Victor Davis Hanson writes at American Greatness. Some excerpts:
There is a larger context concerning the recent controversies among the architects of Trump’s national security team and agenda, and the criticism of National Security Advisor H.R. McMaster. Recall first that the foreign policy of Barack Obama, Ben Rhodes, Susan Rice, and Hillary Clinton could be best termed “provocative appeasement,” and it logically led to the present tensions around the world.Read more here.
The approach combined the most unfortunate traits of carrying a twig while speaking loudly: vociferous remonstrations about human rights, occasional bombings, and drone-targeted assassinations, lots of sermonizing and faux red lines, deadlines, and step-over lines—all without either real consequences or accountability.
...An Iranian deal was kept alive by stealthy side agreements and a blind eye to Tehran’s provocations. North Korea offered a new existential threat to the U.S. mainland. China redefined navigation in the South China Sea and assumed commercial cheating was its birthright. Syria became a genocidal wasteland. Allies like Israel, Egypt, and the Gulf States were scorned; enemies like Cuba and Iran were courted. A reset and provocative Putin (both appeased and talked down to at the same time) was now invited into the Middle East. Europe was flooded with mostly young, male Muslim “refugees.” A medieval ISIS was on its way to carve out an unhinged caliphate of sorts.
...In the short-term, appeasement always wins praise for its pacifism and good intentions, and in the long term it ensures crises for those asked to clean up its messes
...Into this labyrinth of appeasement came Trump and his advisors.
When Trump picked James Mattis and H.R. McMaster respectively as his Defense Secretary and National Security Advisor, along with notables like Rex Tillerson at the State Department, Gen. John Kelly at Homeland Security (and now chief of staff), and Mike Pompeo as CIA director, he apparently preferred soldiers and businessmen to Washington establishmentarians. Trump also understood that the prior eight-year status quo could not continue without a likely war.
Weaker states abroad would inevitably try something stupid on the theory that the United States would not react (we forget that less powerful nations often start wars, as they wrongly conclude that the appeasing stronger powers are acting foolishly because they must be without military capability). We see the wages of the last eight years, most notably with North Korea’s decision to test missiles that soon may reach the West Coast, a dare that has forced redefinition of some 70 years of U.S. strategy on the Korean peninsula.
...Thus Trump was loud about ending optional wars and interventions that did not serve perceived U.S. interests—and whose costs often, in a tragic sense, came at the expense of a working class that was both a loser in the new globalization and yet asked to fight and pay for a globalized United States.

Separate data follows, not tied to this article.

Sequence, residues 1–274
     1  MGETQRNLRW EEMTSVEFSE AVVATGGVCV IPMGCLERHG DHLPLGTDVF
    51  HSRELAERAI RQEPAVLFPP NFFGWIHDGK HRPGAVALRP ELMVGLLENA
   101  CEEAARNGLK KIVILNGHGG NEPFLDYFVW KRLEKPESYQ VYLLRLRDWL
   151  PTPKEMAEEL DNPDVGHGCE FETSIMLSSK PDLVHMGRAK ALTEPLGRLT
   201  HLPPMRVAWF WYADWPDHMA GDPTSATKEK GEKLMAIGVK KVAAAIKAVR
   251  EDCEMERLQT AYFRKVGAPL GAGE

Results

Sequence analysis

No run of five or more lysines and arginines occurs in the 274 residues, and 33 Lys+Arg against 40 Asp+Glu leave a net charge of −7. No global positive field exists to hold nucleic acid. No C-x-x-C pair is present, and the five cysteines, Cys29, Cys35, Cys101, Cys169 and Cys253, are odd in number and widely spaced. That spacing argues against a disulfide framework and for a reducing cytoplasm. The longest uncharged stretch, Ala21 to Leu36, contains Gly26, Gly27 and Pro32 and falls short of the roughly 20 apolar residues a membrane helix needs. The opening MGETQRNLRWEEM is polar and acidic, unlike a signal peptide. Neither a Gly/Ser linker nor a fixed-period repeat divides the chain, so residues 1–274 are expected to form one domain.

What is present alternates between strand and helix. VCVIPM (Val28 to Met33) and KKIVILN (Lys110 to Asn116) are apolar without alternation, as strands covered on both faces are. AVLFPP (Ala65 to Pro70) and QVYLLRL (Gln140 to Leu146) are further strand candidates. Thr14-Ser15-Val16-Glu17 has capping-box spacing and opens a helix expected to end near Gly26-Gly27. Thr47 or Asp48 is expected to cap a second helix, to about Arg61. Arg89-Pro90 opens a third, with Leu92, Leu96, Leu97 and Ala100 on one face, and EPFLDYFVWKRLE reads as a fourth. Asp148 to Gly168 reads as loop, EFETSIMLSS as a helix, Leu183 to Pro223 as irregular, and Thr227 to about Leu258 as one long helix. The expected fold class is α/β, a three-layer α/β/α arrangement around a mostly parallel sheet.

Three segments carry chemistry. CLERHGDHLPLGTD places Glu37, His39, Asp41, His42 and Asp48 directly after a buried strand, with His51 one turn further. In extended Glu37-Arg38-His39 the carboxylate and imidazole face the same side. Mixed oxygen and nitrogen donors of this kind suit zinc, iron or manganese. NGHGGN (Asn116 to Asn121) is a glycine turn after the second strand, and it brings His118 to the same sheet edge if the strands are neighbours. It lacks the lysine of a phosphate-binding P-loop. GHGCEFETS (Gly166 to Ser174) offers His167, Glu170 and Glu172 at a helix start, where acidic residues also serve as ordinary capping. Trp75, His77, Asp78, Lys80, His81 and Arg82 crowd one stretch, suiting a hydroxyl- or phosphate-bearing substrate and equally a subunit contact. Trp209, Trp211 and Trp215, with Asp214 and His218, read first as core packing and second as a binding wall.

Whether we like it or not, Trump was not going to be able to implement Jacksonian changes in foreign policy with an array of firebrand Mike Flynns in all the major national security agencies. Flynn is an impressive and honorable American who was done a terrible disservice by a media lynch mob. But he was not the sort of pilot to ensure that Trump’s doctrine of “principled realism” was going to get enacted and implemented. Mattis and McMaster, by contrast, bring a sense of order and discipline to national security in the manner that the esteemed John Kelly does to the White House staff in general.
Doing so is not selling out or watering down the message, but allowing the very structures in which Trump can freelance and bring his needed unpredictably and, yes, even occasional volatility to foreign policy. The sober and judicious Dean Acheson established the proper structure in which the often brash, loud, buck-stops-here Harry Truman could create a credible policy of containment against the Soviet Union. Acheson was no more a sell-out than Truman was a buffoon. One could not have been successful without the other; neither felt that the other was either too crude or too refined; both saved us from a prior disastrously naïve approach—once embraced by themselves—to Soviet expansionism.
...McMaster’s firings at the NSC were, as in the case of John Kelly’s firing of the talented but otherwise profane, erratic, disruptive, and often naïve Anthony Scaramucci, likely process-driven rather than ideological.
...these are matters of political strategy and public relations—not fundamental issues of restoring American power and influence in the world without resorting to either nation-building or endless interventions of choice.
Trump is lucky to have the service of both men. And both men, in turn, are lucky to be chosen to serve Trump. Both are valuable strategists in peace—but indispensable, God forbid, if we ever get into a war.